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Open Access Highly Accessed Research article

Severe anaemia is associated with a higher risk for preeclampsia and poor perinatal outcomes in Kassala hospital, eastern Sudan

AbdelAziem A Ali1, Duria A Rayis2, Tajeldin M Abdallah1, Mustafa I Elbashir2 and Ishag Adam2*

Author Affiliations

1 Faculty of Medicine, Kassala University, Kassala, Sudan

2 Faculty of Medicine, University of Khartoum, Khartoum, Sudan

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BMC Research Notes 2011, 4:311  doi:10.1186/1756-0500-4-311

Published: 26 August 2011

Abstract

Background

Anaemia during pregnancy is major health problem. There is conflicting literature regarding the association between anaemia and its severity and maternal and perinatal outcomes.

Methods

This is a retrospective case-control study conducted at Kassala hospital, eastern Sudan. Medical files of pregnant women with severe anaemia (haemoglobin (Hb) < 7 g/dl, n = 303) who delivered from January 2008 to December 2010 were reviewed. Socio-demographic and obstetric data were analysed and compared with a similar number of women with mild/moderate anaemia (Hb = 7-10.9 g/dl, n = 303) and with no anaemia (Hb > 11 g/dl, n = 303). Logistic regression analysis was performed separately for each of the outcome measures: preeclampsia, eclampsia, preterm birth, low birth weight (LBW) and stillbirth.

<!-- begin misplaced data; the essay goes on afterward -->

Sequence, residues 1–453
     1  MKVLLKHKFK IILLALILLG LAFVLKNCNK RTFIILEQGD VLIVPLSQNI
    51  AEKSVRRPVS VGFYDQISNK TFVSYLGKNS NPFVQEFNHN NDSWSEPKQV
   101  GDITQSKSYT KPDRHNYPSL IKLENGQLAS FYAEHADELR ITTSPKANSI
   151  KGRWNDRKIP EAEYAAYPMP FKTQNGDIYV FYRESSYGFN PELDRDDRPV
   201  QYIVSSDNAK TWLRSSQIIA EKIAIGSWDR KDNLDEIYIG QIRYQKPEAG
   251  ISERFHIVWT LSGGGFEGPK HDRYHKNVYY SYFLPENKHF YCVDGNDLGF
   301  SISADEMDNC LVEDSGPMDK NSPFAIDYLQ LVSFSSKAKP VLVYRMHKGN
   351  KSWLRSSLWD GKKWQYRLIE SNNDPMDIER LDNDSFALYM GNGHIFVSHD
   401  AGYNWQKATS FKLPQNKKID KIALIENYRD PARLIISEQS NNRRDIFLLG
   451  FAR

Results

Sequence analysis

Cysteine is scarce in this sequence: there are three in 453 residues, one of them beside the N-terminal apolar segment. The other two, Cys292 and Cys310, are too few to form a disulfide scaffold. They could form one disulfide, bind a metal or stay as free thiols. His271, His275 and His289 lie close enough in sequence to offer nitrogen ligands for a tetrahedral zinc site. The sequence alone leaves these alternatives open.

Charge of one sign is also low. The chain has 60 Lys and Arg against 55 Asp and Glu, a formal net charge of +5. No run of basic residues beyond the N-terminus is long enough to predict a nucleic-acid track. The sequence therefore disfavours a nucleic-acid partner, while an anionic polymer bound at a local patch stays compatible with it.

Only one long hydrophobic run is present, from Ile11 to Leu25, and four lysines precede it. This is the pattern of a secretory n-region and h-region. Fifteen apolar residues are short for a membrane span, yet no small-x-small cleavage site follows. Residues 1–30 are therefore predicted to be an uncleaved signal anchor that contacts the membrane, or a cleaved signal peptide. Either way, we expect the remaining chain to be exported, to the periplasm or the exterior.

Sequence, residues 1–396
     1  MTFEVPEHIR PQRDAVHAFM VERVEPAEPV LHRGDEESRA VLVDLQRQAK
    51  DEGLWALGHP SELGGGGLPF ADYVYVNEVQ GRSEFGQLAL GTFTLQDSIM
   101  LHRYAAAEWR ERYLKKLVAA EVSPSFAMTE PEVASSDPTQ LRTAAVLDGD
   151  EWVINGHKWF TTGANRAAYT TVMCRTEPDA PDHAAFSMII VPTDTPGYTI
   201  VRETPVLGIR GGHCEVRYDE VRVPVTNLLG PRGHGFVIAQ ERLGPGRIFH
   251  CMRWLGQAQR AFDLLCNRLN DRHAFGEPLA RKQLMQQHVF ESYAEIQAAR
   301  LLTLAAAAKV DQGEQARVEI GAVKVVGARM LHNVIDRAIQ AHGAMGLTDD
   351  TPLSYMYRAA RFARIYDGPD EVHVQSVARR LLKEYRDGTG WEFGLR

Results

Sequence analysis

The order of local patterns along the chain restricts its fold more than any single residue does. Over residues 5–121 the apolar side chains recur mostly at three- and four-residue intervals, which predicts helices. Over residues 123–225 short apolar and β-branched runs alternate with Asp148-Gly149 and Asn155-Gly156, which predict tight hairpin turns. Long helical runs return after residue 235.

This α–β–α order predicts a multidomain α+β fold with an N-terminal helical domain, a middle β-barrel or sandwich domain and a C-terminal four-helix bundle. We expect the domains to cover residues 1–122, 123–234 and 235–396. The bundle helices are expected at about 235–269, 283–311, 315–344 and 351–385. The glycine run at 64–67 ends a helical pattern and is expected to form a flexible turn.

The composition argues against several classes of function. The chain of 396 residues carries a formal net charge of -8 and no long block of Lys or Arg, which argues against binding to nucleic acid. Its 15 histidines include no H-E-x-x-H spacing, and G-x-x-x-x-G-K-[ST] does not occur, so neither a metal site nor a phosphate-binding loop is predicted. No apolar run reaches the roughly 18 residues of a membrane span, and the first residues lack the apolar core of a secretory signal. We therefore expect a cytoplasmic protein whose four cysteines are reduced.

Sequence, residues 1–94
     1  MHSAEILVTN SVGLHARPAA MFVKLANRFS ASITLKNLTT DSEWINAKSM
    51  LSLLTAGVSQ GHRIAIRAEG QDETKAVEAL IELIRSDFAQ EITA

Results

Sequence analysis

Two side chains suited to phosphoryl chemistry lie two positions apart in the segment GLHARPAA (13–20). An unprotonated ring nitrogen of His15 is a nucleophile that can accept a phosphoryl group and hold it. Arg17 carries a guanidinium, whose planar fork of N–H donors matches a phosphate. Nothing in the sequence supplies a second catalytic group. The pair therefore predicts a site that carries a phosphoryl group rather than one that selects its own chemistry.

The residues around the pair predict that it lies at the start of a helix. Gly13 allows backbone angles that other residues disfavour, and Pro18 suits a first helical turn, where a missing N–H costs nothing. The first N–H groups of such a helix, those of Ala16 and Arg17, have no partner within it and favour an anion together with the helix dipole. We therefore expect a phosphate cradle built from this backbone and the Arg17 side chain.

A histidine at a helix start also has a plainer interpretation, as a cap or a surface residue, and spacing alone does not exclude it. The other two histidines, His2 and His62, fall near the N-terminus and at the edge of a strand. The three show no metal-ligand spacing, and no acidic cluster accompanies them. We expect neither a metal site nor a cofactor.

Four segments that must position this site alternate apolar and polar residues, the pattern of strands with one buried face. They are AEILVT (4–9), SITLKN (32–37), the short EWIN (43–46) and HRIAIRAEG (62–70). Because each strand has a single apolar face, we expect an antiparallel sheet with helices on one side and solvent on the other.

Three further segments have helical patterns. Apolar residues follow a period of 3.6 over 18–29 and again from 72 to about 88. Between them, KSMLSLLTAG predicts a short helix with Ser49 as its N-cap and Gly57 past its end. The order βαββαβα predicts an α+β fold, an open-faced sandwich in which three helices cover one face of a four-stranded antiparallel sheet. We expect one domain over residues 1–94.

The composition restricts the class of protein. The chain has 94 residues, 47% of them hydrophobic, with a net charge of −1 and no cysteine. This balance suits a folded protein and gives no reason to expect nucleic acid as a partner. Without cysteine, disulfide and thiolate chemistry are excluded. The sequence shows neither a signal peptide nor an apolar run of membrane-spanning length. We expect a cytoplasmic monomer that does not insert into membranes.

Results

There were 9578 deliveries at Kassala hospital, 4012 (41.8%) women had anaemia and 303 (3.2%) had severe anaemia. The corrected risk for preeclampsia increased only in severe anaemia (OR = 3.6, 95% CI: 1.4-9.1, P = 0.007). Compared with women with no anaemia, the risk of LBW was 2.5 times higher in women with mild/moderate anaemia (95% CI: 1.1-5.7), and 8.0 times higher in women with severe anaemia (95% CI: 3.8-16.0). The risk of preterm delivery increased significantly with the severity of anaemia (OR = 3.2 for women with mild/moderate anaemia and OR = 6.6 for women with severe anaemia, compared with women with no anaemia). The corrected risk for stillbirth increased only in severe anaemia (OR = 4.3, 95% CI: 1.9-9.1, P < 0.001).

Conclusions

The greater the severity of the anaemia during pregnancy, the greater the risk of preeclampsia, preterm delivery, LBW and stillbirth. Preventive measures should be undertaken to decrease the prevalence of anaemia in pregnancy.